SSH, Kerberized SSH2, Telnet, SCP, FTP, SFTP, PowerShell and Session-based CLI adapters permit a connection to persist for multiple requests across processes. A connection is named when established, and subsequent requests can then specify this named connection. The connection is available to a request for reuse till it either expires based on the value specified in the
<connection-ttl> element, or is terminated with a
<terminate-on-exit> or a
The named connection is defined in an adapter request in the
<target> block by using a
<connection> block that contains a
<name> tag and a
<terminate-on-exit> tag. The
<name> tag is required. The
<terminate-on-exit> tag is optional, and its default value is false, maintaining the connection. The SSH, SCP, FTP, SFTP, and PowerShell adapters also contain a
<connection-ttl> element that specifies the time (in seconds) for which a named connection should persist.
In the PowerShell adapter, you define a named connection by using the
<connection-name> element. The
<terminate-connection> element is optional.
The named connection is an optional function. If there is no
<connection> block, the connection opens and closes in the request and must be reopened for each subsequent request of that target.
The following figure shows an XML sample of a named connection used in conjunction with a dynamic target. This connection terminates on completion of the request.
XML sample of a named connection used in conjunction with a dynamic target
... <target> <host>sample.target1.com</host> <port>23</port> <user\-name>user1</user\-name> <password>pass1</password> <prompt>user1$</prompt> <connection> <name>target1_connection</name> <connection-ttl>xx</connection-ttl> <terminate-on-exit>true</terminate-on-exit> </connection> </target> ...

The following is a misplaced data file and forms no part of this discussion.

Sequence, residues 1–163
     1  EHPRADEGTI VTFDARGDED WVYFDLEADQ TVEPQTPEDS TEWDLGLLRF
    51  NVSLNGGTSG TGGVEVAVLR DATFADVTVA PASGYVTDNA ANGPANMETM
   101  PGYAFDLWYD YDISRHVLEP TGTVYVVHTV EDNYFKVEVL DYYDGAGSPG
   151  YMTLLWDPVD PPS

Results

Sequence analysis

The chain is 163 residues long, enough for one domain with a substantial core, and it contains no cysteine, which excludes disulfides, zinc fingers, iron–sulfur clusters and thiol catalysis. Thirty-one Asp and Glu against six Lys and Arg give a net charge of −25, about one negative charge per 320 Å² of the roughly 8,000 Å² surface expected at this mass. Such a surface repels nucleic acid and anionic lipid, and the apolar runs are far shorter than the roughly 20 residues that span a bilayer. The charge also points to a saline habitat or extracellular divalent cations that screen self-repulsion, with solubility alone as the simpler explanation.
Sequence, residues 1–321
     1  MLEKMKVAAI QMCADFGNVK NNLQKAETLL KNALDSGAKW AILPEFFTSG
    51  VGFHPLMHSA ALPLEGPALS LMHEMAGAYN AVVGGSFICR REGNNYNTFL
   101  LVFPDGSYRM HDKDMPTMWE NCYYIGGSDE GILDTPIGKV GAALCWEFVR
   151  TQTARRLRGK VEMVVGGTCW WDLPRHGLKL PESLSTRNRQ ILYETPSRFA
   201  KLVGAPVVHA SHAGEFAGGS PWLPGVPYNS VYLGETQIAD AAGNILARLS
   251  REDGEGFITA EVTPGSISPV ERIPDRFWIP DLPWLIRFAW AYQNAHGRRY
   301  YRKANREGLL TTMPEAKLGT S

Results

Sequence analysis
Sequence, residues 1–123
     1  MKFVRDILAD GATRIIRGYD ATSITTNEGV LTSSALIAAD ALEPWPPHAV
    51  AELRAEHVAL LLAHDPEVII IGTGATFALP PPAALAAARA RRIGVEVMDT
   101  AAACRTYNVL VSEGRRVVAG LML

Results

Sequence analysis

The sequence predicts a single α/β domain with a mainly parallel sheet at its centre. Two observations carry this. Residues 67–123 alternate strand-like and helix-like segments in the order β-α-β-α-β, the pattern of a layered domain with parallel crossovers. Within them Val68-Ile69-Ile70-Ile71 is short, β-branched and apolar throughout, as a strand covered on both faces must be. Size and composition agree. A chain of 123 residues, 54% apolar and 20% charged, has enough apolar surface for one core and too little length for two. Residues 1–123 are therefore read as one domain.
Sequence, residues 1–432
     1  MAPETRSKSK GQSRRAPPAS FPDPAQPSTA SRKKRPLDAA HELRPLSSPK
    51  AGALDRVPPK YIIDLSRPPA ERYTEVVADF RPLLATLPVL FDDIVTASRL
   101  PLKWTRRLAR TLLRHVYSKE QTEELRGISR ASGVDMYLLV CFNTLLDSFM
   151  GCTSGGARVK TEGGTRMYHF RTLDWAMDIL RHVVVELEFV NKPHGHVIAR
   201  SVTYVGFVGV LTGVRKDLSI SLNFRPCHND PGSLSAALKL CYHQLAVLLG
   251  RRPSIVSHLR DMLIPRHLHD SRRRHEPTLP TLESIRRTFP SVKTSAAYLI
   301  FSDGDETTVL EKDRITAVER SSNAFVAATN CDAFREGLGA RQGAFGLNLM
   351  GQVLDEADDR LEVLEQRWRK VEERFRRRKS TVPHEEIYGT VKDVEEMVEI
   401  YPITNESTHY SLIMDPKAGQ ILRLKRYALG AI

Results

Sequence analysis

When using a named connection with a dynamic target, you must define the dynamic target completely in each request. You cannot reference it as a
name attribute with the
<target> in subsequent requests. Only targets defined in the adapter configuration can be referenced with a
name attribute in an adapter request.
The following figure shows an XML sample of a named connection used in conjunction with a target name reference from the adapter configuration. In the absence of the
<terminate-on-exit> element, this connection remains open on completion of the request.
XML sample of a named connection in conjunction with a target name reference
... <target name="target2"> <connection> <name>target2_connection</name> </connection> </target> ...
Each subsequent request that uses a named connection is configured in the same manner, with either a complete dynamic target or a target name reference to the adapter configuration that contains a
<connection> block. The connection is reused if open, or reestablished if it has been closed.
The following figure shows an XML sample of a named connection used by the PowerShell adapter. To use named connection,
<enable-psremoting-session> must be true.
XML sample of a named connection for a PowerShell adapter
... <targets> <target> <host>xxx.yyyy.bmc.com</host> <userName>Admin</userName> <password>AdminPass</password> <enable-psremoting-session>true</enable-psremoting-session> <enable-psremoting>true</enable-psremoting> <connection-name>PSConnection1</connection-name> <connection-ttl>500</connection-ttl> <terminate-on-exit>false</terminate-on-exit> </target> </targets> <commands> <command><![CDATA[hostname]]></command> <command continue-on-failure="false"><![CDATA[whoami]]></command> <command continue-on-failure="true" ignore-exit-code="true"> <![CDATA[$mySessionVariable = 'This is my test for variable in session' ]]></command> <command ignore-exit-code="false">write-output $mySessionVariable</command> </commands> ...